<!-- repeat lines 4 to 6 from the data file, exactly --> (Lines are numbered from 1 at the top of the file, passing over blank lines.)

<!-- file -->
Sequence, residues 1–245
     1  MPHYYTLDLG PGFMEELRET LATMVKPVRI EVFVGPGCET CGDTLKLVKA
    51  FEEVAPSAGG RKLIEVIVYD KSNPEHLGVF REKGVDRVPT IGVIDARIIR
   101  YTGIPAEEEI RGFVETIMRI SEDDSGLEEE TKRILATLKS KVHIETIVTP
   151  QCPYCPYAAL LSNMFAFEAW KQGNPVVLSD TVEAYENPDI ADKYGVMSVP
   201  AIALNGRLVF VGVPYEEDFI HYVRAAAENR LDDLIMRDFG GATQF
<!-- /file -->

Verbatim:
   101  YTGIPAEEEI RGFVETIMRI SEDDSGLEEE TKRILATLKS KVHIETIVTP
   151  QCPYCPYAAL LSNMFAFEAW KQGNPVVLSD TVEAYENPDI ADKYGVMSVP
   201  AIALNGRLVF VGVPYEEDFI HYVRAAAENR LDDLIMRDFG GATQF